The Boy Who Harnessed The Wind Analysis

The Boy Who Harnessed the Wind by William Kamkwamba invites its readers to join him on his journey from scrapping knowledge from outdated library books to attending boarding school. The first couple chapters are primarily essential to his story because they reveal all his imperfections and aspirations. He is able to show that a small change can lead to big accomplishments, which one can achieve if all dedication and hard work is put toward completing it. At the very beginning of the novel, the accomplishment that grants him all the wonderful opportunities is immediately introduced. They manifest as the symbols of hope and. As he starts to put the pieces of the puzzle together, the village is able to comprehend what he is trying to overcome. …show more content…
By emerging the readers completely, they can read the novel and fully understand his troubles and successes considering his background. When the members of the Malawi community hear of what William is trying to accomplish they call him a “misala” (190), which means mad man. Their fluent use of Malawian dialect connects the readers to William’s struggle in accomplishing his ambitions. The Kamkwamba’s constant battle with poverty and famine relates the readers to his struggle in catching a break long enough to stabilize his home …show more content…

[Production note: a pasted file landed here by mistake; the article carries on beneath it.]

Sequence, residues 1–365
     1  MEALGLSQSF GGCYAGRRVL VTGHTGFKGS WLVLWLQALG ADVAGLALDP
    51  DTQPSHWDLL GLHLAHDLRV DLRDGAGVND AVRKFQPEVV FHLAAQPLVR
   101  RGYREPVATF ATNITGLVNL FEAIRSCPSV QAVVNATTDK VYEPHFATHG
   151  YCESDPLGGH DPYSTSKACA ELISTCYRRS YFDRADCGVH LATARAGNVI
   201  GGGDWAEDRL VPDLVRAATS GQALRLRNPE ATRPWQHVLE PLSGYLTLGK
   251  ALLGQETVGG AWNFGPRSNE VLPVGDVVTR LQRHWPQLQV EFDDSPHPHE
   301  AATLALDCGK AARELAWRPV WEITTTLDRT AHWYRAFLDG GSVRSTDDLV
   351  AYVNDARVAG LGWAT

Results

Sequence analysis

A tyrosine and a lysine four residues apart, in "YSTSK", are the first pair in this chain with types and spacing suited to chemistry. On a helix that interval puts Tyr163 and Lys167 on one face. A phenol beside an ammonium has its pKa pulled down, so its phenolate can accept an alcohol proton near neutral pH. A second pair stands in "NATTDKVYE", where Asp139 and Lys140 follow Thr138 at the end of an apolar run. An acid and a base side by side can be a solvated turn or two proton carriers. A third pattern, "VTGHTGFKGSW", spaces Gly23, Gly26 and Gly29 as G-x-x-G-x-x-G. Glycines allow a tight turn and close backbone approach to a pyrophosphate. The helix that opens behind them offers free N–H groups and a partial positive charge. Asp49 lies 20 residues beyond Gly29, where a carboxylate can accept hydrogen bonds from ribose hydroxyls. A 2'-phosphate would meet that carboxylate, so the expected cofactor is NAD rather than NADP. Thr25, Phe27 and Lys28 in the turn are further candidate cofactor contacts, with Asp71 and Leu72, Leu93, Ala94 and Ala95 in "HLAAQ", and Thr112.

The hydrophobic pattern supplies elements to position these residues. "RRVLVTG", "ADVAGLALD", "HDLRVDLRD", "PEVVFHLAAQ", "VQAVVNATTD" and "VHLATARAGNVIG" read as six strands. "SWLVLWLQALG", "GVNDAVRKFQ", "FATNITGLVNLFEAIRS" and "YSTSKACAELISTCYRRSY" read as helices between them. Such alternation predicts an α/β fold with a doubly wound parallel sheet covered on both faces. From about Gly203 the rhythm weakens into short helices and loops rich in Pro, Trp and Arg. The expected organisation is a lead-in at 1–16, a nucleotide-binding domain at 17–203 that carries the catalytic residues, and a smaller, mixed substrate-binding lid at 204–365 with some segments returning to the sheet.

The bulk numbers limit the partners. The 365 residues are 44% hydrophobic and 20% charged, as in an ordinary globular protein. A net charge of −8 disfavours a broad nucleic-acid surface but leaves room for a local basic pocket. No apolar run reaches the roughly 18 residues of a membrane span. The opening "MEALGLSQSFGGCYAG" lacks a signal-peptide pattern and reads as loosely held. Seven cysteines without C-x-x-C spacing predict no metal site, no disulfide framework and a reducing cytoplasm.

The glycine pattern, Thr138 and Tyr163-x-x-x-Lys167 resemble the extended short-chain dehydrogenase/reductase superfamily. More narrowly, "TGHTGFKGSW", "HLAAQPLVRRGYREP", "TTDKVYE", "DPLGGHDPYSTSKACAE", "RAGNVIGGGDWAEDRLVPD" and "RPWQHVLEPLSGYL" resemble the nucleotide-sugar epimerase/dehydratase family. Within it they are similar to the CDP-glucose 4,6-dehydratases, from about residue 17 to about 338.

All my life, I have expected education to be provided to me. Going to high school and college was considered the norm; it was if you didn’t attend either you were viewed differently. Waking up for school was excruciating, learning was a chore, and doing homework was my enemy growing up. However, after reading this memoir, it gave me a greater appreciation for my education and opportunities that derived from it. Watching William’s parents struggle to pay for his schooling and books reminded me of my parents. Instead of sending me to a local public school, my parents choose to send me to a private, catholic school. The schools differed in their learning quality and corresponded with our practicing religion. Although my parents did not struggle financially in sending me to a parochial school, they sacrificed money and time that could have otherwise been spent on other things. Students can take various lessons away from this memoir. The most important is the value of their education and overlooked opportunities

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